Use this table to determine maximum contributions (assumes $285,000 in W-2 compensation or net self-employment income after contribution).

Age 401(k) 401(k) with Profit Sharing Cash Balance Total
70 $26,000 $63,500 $292,000 $355,500
65 $26,000 $63,500 $271,000 $334,500
60 $26,000 $63,500 $264,000 $327,500
55 $26,000 $63,500 $204,000 $267,500
50 $26,000 $63,500 $158,000 $221,500
45 $19,500 $57,000 $122,000 $179,500
40 $19,500 $57,000 $95,000 $152,000
35 $19,500 $57,000 $74,000 $131,000
30 $19,500 $57,000 $55,000 $112,000


Guess What? There’s Still Time to Save on 2020 Taxes!

  • Plan Establishment: As a result of the SECURE Act, plan documents must be signed no later than the employer’s tax filing deadline.
  • Plan Amendments: The deadline to alter 401(k) provision is typically 12/31. However, if a Safe Harbor is being employed, the deadline may vary.
  • Funding: Employee deferrals into a plan must be made during the calendar year, whereas employer contributions may be made up through the company’s tax filing deadline, including any applicable extensions.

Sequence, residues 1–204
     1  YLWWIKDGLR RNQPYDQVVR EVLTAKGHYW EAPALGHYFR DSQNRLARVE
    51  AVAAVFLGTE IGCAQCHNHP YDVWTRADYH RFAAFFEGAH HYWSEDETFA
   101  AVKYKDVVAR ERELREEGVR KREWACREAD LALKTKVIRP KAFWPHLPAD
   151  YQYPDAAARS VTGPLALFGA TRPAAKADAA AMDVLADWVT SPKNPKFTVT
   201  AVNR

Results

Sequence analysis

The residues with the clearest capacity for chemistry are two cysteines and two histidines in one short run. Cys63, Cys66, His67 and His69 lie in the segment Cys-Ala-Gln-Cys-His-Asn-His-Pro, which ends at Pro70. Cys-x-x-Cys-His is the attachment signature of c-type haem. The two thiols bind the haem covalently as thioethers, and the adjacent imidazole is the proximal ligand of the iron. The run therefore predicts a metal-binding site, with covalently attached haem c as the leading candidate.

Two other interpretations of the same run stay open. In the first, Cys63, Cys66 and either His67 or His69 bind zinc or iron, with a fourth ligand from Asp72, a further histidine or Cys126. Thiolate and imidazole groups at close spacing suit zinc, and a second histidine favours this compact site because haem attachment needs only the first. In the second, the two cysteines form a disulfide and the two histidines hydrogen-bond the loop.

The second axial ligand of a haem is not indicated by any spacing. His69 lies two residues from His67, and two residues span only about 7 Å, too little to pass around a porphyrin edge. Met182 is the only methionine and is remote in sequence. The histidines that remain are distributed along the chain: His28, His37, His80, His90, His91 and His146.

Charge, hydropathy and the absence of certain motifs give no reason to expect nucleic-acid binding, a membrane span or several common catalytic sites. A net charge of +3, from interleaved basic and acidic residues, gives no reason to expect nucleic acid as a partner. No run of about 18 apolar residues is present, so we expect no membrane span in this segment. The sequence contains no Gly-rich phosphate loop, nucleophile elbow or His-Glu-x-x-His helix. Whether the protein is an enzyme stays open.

Note: Use this as a guide, it is not tax advice. Contact me for a consultation and to discuss your questions. We can also discuss this with your CPA or tax professional to make it easier on you.

What is a Cash Balance Plan?

A Cash Balance plan is a type of retirement plan that belongs to the same general class of plans known as “Qualified Plans.” A 401(k) is a qualified plan which means this plan “qualifies” for tax deferral and creditor protection under ERISA.

In a Cash Balance Plan each participant has their own account. The account grows annually in two ways: Contributions from employer or An interest credit – this is guaranteed rather than being dependent on the plan’s investment performance. Learn more about Cash Balance Plans.

Have questions or want to discuss your 401k?


For plan sponsor use only, not for use with participants or the general public. This information is not intended as authoritative guidance or tax or legal advice. You should consult with your attorney or tax advisor for guidance on your specific situation.